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There are actually two types of CxMessages.  The first, CXM_IEVENT,
corresponds to an input event and travels through the Commodities
Exchange network.  The other type, CXM_COMMAND, carries a command to
a commodity.  A CXM_COMMAND normally comes from the controller
program and is used to pass user commands on to a commodity.  A
commodity receives these commands through an Exec message port that
the commodity sets up before it calls CxBroker.  The NewBroker's
nb_Port field points to this message port.  A c ommodity can tell the
difference between the two types of CxMessages by calling the
CxMsgType() function.

    ULONG CxMsgType(CxMsg *cxm);
    UBYTE *CxMsgData(CxMsg *cxm);
    LONG  CxMsgID(CxMsg *cxm);

A CxMessage not only has a type, it can also have a data pointer as
well as an ID associated with it.  The data associated with a
CXM_IEVENT is an InputEvent structure.  By using the CxMsgData()
function, a commodity can obtain a pointer to the correspond ing
InputEvent of a CXM_IEVENT.  Commodities Exchange does not give an ID
to the CXM_IEVENT CxMessages it introduces to the Commodities network,
but certain CxObjects can assign an ID to a CXM_IEVENT CxMessage.

CXM_COMMAND CxMessages generally do not use the data pointer.
Instead, they use an ID.  They use this ID to specify the command
passed to a commodity.  CxMsgID() extracts the ID from a CxMessage.

    oldactivationvalue = LONG ActivateCxObj(CxObj *co,
                           long newactivationvalue);

After successfully completing the initial set up and activating the
broker using ActivateCxObj(), a commodity can begin its input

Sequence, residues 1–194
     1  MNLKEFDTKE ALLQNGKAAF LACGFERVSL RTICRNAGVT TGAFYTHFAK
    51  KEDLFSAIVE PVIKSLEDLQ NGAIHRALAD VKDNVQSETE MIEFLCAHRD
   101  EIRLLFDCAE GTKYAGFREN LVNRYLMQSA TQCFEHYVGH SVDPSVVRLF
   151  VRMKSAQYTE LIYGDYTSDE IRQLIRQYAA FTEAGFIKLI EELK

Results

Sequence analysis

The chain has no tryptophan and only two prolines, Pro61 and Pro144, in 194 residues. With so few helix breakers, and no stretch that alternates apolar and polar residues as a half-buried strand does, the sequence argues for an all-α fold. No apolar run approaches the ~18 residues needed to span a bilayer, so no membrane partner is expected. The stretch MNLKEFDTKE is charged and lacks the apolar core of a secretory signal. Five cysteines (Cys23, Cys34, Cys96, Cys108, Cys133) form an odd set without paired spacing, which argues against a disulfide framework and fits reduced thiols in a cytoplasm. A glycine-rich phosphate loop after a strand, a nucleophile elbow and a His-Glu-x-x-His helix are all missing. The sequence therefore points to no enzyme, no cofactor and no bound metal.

processing loop.  The example Broker.c receives input from one source,
the controller program.  The controller program sends a CxMessage each
time the user clicks its enable, disable, or kill gadgets.  Using the
CxMsgID() function, the commodity finds out what the command is and
executes it.

Notice that Broker.c uses Ctrl-C as a break key.  This is a change
from 1990 Atlanta DevCon Notes on Commodities Exchange which said to
use Ctrl-E.  The break key for any commodity should be Ctrl-C.

The commands that a commodity can receive from the controller program
(as defined in <libraries/commodities.h>) are:

    CXCMD_DISABLE     /* please disable yourself       */
    CXCMD_ENABLE      /* please enable yourself        */
    CXCMD_KILL        /* go away for good              */
    CXCMD_APPEAR      /* open your window, if you can  */
    CXCMD_DISAPPEAR   /* hide your window              */

The CXCMD_DISABLE, CXCMD_ENABLE, and CXCMD_KILL commands correspond
to the similarly named controller program gadgets, "Disable",
"Enable", and "Kill"; CXCMD_APPEAR and CXCMD_DISAPPEAR correspond to
the controller program gadgets, "Show" and "Hi de".  These gadgets
are ghosted in Broker.c because it has no window (It doesn't make
much sense to give the user a chance to click the "Show" and "Hide"
gadgets).  In order to do this, Broker.c has to tell Commodities
Exchange to ghost these gadge ts.  When CxBroker() sets up a broker,
it looks at the NewBroker.nb_Flags field to see if the COF_SHOW_HIDE
bit (from <libraries/commodities.h>) is set.  If it is, the "Show"
and "Hide" gadgets for this broker will be selectable. Otherwise they
are g hosted and disabled.

Shutting down a commodity is easy.  After replying to all CxMessages
waiting at the broker's message port, a commodity can delete its
CxObjects.  DeleteCxObj() removes a single CxObject from the
Commodities network.

    void DeleteCxObj(CxObj *co);

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